It seems to be no coincidence that she is the ex that represents a homosexual blip in Ramona’s largely heterosexual dating history. Her relationship with Ramona was, for Ramona, apparently just a phase. Even when Roxie promises to kill him, Scott doesn’t consider the possibility that she might be one of the evil exes or, indeed, the reason why Ramona no longer refers to them as her seven evil ex-boyfriends. Instead, he assumes that Roxie is merely dating one of the exes. The realization of her true identity is so momentous that it requires an entire page for Scott’s brain to literally crack open. He points a finger, almost in accusation, and then, when Ramona says that it was only a phase, he replies, “You had a sexy phase?!” Every other ex at this level is a serious threat, and Roxie is part of a sexy phase.

Indeed, the book even puts forward the idea that a woman cheating on a man with another woman isn’t actually cheating. When Ramona tries to apologize to Scott for Roxie staying at her place, she assures him that they “didn’t even make out that much.” This is apparently not infidelity enough to get in the way of an exchange of love confessions.

To add insult to injury, Roxie shows up in the volume where Scott finally gets up the nerve to tell Ramona that he loves her, thereby earning a sword representing the Power of Love. So the heterosexual man defeats the queer woman who dated his girlfriend with the power of heterosexual love. This may be the absolute worst statement made in the entirety of the series.

It’s especially obvious that Roxie and Ramona’s relationship is invalidated due to Roxie’s gender, as she is actually quite clearly second only to Gideon in the extent of her effect on Ramona. Ramona’s trademark rollerblades seem to be a riff on Roxie’s rollerskates. Roxie claims on two occasions to have taught Ramona everything she knows about subspace. She seems to be the only person Ramona didn’t just play with for a few days or weeks before she got tired of them, as demonstrated by their familiarity with each other and Ramona’s decisions to have lunch with Roxie and visit her gallery opening.

What complicates the portrayal of Roxie in the comic is, as always, the fact that we are still by the fourth volume quite firmly entrenched in Scott’s point of view. His heteronormative viewpoint may be affecting the storytelling itself. This seems unlikely, however, because most of the instances where Scott’s perspective has a profound effect are interrogated in some way. This is played pretty straight. (Pun intended.)

What is also played pretty straight is the film’s rendition of the Scott vs. Roxie battle. We’ve talked in every post in this series about the injustices done to the female characters in their translation from page to screen. In a lot of ways, it may have been more apt to call this series “Scott Pilgrim Vs. the World Vs. the Girls.” Still, no female character’s arc becomes more thoroughly offensive than Roxie’s.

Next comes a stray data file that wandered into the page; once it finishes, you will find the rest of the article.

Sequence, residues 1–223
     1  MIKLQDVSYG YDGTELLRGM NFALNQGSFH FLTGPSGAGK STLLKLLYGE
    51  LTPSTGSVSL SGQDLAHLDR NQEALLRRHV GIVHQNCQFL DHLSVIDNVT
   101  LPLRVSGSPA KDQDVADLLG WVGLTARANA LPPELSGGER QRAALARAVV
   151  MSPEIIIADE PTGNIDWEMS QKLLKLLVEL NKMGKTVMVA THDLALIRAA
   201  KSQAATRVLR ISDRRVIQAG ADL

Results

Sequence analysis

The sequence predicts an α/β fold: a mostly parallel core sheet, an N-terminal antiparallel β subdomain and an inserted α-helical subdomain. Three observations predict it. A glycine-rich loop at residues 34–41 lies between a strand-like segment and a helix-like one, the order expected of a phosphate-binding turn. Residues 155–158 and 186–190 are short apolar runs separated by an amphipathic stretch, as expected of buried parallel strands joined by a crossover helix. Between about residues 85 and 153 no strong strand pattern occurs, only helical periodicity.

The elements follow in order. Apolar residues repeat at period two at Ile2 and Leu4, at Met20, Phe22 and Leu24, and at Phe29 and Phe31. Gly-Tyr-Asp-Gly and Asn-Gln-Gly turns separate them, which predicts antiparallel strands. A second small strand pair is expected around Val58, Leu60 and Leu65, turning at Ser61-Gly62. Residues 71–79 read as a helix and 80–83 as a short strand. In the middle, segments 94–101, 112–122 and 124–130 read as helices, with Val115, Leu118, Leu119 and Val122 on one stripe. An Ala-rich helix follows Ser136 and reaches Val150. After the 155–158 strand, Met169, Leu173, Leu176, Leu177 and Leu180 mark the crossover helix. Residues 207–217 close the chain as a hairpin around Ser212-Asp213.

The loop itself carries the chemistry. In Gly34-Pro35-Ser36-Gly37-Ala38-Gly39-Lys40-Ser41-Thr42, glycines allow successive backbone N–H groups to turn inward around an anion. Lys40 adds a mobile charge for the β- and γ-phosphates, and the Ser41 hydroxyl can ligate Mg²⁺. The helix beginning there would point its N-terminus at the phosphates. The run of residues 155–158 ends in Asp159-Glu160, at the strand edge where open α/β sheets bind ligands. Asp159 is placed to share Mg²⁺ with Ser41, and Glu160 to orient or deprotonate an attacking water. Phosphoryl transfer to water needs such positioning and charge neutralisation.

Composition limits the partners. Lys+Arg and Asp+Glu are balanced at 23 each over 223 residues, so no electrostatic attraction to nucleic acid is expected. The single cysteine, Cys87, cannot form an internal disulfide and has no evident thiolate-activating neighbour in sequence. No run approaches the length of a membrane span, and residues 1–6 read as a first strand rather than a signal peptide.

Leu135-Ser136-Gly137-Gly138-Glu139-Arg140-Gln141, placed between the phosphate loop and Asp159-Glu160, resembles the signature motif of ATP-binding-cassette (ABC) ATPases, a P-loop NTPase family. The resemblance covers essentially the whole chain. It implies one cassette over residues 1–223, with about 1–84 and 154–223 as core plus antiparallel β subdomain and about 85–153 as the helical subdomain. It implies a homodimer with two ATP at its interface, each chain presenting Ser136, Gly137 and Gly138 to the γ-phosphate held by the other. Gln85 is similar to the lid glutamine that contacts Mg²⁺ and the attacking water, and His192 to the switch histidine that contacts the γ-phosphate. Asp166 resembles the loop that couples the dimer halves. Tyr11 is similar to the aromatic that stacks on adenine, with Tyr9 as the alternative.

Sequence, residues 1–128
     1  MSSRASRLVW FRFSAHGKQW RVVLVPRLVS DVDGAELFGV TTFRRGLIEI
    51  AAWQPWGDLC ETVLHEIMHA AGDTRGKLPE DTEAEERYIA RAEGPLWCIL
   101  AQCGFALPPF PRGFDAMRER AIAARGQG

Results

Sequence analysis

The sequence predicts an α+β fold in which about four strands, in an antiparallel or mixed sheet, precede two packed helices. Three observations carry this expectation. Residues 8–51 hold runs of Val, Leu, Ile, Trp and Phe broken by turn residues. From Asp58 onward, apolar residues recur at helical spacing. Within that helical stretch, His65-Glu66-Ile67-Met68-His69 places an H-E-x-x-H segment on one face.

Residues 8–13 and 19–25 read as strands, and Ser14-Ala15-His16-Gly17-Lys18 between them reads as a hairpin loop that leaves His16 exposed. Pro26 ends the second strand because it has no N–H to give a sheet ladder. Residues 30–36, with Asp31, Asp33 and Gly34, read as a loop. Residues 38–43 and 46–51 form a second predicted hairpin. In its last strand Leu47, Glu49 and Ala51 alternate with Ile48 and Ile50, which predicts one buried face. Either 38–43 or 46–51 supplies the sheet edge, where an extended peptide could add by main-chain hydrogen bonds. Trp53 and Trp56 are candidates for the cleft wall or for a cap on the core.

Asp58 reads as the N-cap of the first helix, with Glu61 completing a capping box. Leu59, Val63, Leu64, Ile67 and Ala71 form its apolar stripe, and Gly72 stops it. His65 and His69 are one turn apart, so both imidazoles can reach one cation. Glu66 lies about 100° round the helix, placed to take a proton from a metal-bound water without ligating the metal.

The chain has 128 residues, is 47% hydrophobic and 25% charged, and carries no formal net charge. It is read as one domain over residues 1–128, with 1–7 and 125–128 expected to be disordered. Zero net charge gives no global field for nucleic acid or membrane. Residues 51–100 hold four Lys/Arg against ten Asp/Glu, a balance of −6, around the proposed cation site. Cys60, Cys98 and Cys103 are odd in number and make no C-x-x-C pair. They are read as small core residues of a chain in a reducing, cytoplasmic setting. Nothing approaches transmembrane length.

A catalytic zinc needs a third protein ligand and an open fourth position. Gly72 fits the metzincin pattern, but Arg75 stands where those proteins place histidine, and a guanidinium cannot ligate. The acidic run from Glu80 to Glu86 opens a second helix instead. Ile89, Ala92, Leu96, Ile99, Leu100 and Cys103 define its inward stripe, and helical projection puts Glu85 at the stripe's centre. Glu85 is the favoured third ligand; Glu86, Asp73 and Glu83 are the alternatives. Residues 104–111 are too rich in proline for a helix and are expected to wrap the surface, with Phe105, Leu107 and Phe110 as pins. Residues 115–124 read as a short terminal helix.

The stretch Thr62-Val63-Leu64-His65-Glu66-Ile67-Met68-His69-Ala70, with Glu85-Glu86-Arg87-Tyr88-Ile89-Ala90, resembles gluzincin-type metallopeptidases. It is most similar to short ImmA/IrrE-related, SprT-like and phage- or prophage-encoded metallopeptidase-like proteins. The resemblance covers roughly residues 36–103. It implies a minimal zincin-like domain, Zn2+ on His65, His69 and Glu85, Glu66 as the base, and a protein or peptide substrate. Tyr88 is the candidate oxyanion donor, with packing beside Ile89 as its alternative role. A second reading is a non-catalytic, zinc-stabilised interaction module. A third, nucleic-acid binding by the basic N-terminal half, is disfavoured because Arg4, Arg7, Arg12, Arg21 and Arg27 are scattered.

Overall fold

Roxie, or Roxy, as she’s apparently called in the film, is introduced almost exactly as she is in the comic. Her defeat, however, could not be more different. This is partially because in the original, it’s not actually her battle, but rather one that takes place between Ramona and Envy. The battle begins when an invisible Roxy punches Scott in the back of the head and knocks him to the ground. As he sits up, we’re given a delightful view of him framed by Roxy’s legs, just to demolish any hope you may have had that Roxy was going to be treated as seriously as the other exes.

This becomes even clearer when Ramona tells Scott not only that her relationship with Roxy was a phase, but that “it meant nothing. I didn’t think it would count! … I was just a little bicurious.” As if this weren’t bad enough, the soundtrack for the reveal that Roxy is one of the evil exes is punctuated with breathy feminine sighs.

When Roxy then tries to attack Scott, Ramona intervenes; in this version, she doesn’t fight Roxy because Scott is hiding behind the rules of chivalry and his own terror, but because she just... does? It’s not explained. Roxy also suddenly fights with a whip-sword-belt-thing because, I don’t know, it’s sexier than a sword or something. (The change is likely a matter of increasing visual interest and avoiding repetition in a film where the final battle involves swords, but still...) When Roxy reveals that Scott will have to defeat her by his own hand, he protests, saying that he can’t hit a girl. Instead of denying Scott the moral high ground he thinks he deserves for taking this position, as Ramona and Roxie both do in the book, Ramona just tells him that he has no choice... and then proceeds to control his limbs as he enters into fisticuffs with Roxy.

Then something happens that makes us a little bi-furious. As Roxy lifts her leg in the air to deliver the final blow, Ramona tells Scott that Roxy’s weakness is an erogenous zone at the back of her knee. This will be familiar to readers of the comic as Envy’s weakness, discovered by Scott during a serious two-year relationship, and used to take her down in a non-lethal manner. In the movie, however, it is a weakness discovered during just-for-fun make-out sessions, used by a straight man to orgasm a queer woman to death. Roxy’s last words: “You’ll never be able to do this to her,” followed by a blissful moan. Our reaction: not suitable for print.

What really irks us about this scene is that it is so intentional. Roxy suffers a perfectly adequate, if still dubious, defeat in the comic, so the appropriation of Envy’s fight and weakness represents a deliberate change. A character that is already treated as a joke is humiliated in an incredibly offensive way, and we’re supposed to find it funny. We are, perhaps, even supposed to think it better than the original. We’re actually not sure what could have been worse.

Verdict: Love Interest (Comic) and NO NO NO OH GOD WHY (Film)